For a more suburban experience, consider basing your visit out of the Anthem, Tramonto, Carefree, or Cave Creek communities in the north of the Valley. This desert foothills area is the first hint of the transition from the Sonoran Desert to the Northern Arizona portion of the Colorado Plateau. From this part of the Valley, the drive to the South Rim of the Grand Canyon is under 3 and-a-half hours. Carefree is an upscale master planned community first conceived in the 1950s. It's neighbor to the east, Cave Creek is a genuine frontier town with roots in the 1870s. Still further to the east, in the I-17 corridor, are Anthem and Tramonto. Development here is turn-of-the-century... THIS century! Bicycling Magazine deemed The Black Canyon Trail the best ride in Arizona in it's September 2012 issue. The southern end of the BCT is a few miles east of Anthem. From there, it is sixty-plus miles of single track mountain bike trail north to Mayer, Arizona. For the roadies, a 50 mile loop ride starting in this area can get you to places where understanding the inherent dangers of cattle guards is an issue, and where the roads turn to dirt.
 
In the past, I've suggested that the Candlewood Suites could be a good place to stay for a short visit to the Valley when folks are bringing their own bikes. This hotel property has a back gate which is literally right on the paved Cave Creek Wash Trail (CCWT) and only about a mile north of the intersection of CCWT and the Arizona Canal trail. Candlewood Suites is easy to get to from the airport since it is right off I-17 (aka Black Canyon Highway). This location is very close to Metrocenter Mall. There are plenty of restaurants close by:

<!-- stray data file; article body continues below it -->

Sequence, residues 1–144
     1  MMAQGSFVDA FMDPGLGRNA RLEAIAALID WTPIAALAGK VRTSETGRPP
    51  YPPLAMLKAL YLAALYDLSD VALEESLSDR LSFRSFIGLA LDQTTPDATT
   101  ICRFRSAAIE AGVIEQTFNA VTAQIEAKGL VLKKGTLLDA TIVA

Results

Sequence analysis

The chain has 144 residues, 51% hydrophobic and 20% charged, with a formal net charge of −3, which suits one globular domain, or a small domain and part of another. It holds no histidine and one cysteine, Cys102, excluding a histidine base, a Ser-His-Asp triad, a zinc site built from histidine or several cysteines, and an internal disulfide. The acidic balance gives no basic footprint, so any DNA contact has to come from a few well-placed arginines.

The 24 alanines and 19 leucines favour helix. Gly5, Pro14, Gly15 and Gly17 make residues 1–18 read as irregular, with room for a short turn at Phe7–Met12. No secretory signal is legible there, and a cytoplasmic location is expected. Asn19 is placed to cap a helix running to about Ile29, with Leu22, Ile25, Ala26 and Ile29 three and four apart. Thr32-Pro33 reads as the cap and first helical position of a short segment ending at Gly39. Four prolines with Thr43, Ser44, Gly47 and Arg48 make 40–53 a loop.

Candlewood Suites Phoenix
11411 North Black Canyon Highway
Phoenix, AZ

If you are looking for a rental property in the Phoenix Metro area which is close to trails and are also looking for bike rentals. I suggest getting in touch with the good folks at Trailhead Bike Shop and Cafe:

http://www.trailheadbikecafe.com/ (they are also active on Facebook).

They are at:
Trailhead Bike Cafe
6825 N 16th St.
Phoenix, AZ 85016

Their location is within sight of the Arizona Canal trail and about 4 miles down the canal path from the Metrocenter Mall area. I'm not sure Trailhead rents bikes, but I have every confidence that they know how to get wheels under someone. They are very close to Trail 100 and other mountain biking opportunities in the mountain preserve areas. There is also some nice road riding areas nearby, such as Paradise Valley.

Our friends at Exhale Bikes are specialists on the mountain bike trails in the north part of the Valley (Phoenix Sonoran Preserve, Deem Hills, Black Canyon Trail, etc.). These areas are more remote and perhaps less clearly marked than Trail 100. At the same time, I think the road riding in the north part of the Valley is significantly less urban. The Skunk Creek Wash trail connects with the Arizona Canal Trail near Arrowhead Mall offering many miles of paved off-road multi-use trails in the northwest corner of the Valley.

They are at:
Exhale Bikes
2814 W Bell Rd Ste 1475
Phoenix, AZ 85053